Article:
NEW YORK, NY--(Marketwired - Apr 30, 2014) - According to a new study from the Johns Hopkins Kimmel Cancer Center, men with evidence of chronic prostate inflammation may be twice as likely to develop prostate cancer as those without. Moreover, the study participants with chronic prostate inflammation were more likely to be diagnosed with high-grade, aggressive prostate cancer.
While the observational study did not demonstrate a clear cause-and-effect relationship between prostate inflammation and cancer, the association was significant enough to warrant further investigation. David Samadi, MD, leading robotic prostate surgeon and Chairman of Urology and Chief of Robotic Surgery at Lenox Hill Hospital, believes the connection could lead to better prostate cancer risk analysis.
"Expanding our understanding of prostate cancer risk factors, expands our opportunity for vigilance over the men most likely to be affected," said Dr. Samadi. "A deeper exploration of the inflammation link may also yield opportunities for prevention and risk mitigation."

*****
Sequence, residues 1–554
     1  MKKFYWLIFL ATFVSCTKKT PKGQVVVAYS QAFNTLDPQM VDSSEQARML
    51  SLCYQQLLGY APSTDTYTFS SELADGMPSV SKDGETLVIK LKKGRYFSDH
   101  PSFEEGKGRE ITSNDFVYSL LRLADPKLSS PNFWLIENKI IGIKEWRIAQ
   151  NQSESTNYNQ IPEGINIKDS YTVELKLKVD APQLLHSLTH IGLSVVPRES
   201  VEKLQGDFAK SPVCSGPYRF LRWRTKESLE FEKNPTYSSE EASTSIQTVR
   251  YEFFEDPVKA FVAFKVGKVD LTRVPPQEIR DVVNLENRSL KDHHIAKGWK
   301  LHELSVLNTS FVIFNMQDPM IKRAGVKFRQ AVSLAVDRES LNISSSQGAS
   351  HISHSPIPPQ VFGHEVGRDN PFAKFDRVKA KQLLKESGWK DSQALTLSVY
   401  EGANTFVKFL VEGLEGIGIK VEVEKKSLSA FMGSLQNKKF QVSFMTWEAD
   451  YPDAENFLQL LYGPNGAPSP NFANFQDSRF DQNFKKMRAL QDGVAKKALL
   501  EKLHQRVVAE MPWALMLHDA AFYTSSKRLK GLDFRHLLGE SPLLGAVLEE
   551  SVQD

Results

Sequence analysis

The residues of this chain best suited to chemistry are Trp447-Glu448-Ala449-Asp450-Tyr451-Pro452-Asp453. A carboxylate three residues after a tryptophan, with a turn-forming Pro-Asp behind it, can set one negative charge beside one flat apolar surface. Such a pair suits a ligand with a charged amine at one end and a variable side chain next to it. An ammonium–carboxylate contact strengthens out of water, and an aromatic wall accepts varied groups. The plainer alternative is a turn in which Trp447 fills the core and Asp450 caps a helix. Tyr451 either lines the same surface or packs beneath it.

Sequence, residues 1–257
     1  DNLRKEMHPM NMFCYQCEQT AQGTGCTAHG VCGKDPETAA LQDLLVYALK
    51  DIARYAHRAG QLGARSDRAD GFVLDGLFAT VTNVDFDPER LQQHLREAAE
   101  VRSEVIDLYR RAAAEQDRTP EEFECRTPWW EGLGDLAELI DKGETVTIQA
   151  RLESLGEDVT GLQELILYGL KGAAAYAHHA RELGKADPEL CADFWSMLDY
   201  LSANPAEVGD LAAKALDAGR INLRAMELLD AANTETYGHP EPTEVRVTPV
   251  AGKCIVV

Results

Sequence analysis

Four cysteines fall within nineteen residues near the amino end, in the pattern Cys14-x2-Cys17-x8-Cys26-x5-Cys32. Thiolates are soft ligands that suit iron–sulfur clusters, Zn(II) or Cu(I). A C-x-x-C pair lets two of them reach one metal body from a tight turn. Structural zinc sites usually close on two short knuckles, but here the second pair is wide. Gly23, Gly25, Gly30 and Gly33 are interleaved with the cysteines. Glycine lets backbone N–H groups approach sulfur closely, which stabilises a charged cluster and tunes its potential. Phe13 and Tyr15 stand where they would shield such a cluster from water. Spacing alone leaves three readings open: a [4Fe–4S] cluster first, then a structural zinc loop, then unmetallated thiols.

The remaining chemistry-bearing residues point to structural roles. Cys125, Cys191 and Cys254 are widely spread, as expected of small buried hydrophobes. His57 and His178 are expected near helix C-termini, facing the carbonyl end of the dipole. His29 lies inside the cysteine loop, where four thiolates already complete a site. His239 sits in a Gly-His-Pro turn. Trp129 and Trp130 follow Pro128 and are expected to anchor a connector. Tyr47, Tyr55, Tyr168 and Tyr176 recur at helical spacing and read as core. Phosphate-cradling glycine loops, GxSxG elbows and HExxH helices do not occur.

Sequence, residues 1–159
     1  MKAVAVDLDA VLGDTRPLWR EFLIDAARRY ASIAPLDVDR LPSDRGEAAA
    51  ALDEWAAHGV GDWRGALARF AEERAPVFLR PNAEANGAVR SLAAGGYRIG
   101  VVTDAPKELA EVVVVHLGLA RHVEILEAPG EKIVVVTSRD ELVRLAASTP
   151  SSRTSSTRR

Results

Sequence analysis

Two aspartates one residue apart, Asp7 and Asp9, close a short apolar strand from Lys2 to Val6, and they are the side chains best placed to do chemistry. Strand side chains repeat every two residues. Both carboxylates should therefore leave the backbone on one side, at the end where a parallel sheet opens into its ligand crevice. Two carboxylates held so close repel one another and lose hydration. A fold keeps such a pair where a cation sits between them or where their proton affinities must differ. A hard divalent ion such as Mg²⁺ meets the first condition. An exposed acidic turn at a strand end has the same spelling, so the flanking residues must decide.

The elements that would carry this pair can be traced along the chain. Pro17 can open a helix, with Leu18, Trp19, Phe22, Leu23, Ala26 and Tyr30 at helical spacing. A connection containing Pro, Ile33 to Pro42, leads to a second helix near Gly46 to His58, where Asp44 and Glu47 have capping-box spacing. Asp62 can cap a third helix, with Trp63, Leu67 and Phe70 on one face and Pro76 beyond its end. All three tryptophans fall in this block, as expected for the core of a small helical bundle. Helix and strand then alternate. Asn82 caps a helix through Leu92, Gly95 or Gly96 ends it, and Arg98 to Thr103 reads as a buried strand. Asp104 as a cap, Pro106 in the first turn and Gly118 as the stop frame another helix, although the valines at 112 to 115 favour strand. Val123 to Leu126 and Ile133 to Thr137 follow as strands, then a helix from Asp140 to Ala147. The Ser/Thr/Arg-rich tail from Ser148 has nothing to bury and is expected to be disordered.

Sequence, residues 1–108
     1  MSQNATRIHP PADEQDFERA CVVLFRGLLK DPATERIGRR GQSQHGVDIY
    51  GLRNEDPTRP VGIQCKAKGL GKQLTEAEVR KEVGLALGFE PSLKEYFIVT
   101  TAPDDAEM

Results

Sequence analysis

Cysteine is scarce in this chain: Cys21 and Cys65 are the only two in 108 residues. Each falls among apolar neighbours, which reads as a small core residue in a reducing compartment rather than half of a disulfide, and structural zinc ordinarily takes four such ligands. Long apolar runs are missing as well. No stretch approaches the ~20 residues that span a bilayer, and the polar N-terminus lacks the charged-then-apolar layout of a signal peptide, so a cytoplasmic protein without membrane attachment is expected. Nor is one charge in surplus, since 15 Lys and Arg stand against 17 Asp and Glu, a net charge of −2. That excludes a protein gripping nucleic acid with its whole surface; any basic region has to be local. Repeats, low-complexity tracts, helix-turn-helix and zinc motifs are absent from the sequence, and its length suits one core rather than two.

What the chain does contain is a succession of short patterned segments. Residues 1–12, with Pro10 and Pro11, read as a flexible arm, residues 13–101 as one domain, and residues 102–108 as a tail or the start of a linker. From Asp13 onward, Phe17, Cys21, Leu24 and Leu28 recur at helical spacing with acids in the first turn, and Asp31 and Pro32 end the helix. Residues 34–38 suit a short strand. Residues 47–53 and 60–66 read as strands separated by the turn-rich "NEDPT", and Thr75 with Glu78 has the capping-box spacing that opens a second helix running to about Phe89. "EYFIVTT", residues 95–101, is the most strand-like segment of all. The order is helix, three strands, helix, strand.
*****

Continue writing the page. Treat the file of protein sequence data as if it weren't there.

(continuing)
Among the 400 study participants, 86.2 percent of overall prostate cancer cases and 88.4 percent of high-grade cases had at least one core biopsy indicating prostate tissue inflammation. Among the men without prostate cancer, prostate inflammation was detected in 78.2 percent of the cases.
The study findings were published in the Journal Cancer Epidemiology, Biomarkers & Prevention on April 18th, http://cebp.aacrjournals.org/content/early/2014/04/14/1055-9965.EPI-13-1126.abstract
Benign prostatic hyperplasia (BPH), commonly diagnosed in men over age 55, is an enlargement of the prostate gland caused by an overgrowth of cells. While BPH is not directly linked to prostate cancer, the close associations between elevated prostate-specific antigen levels (PSA), chronic prostate inflammation, and prostate cancer may now warrant closer attention.
"Prostate inflammation is highly common and men with chronic BPH need not be alarmed of cancer risk," assured Dr. Samadi. "These men have the assurance of regular screenings and attention to their prostate health. That's the biggest prostate cancer prevention strategy we have today."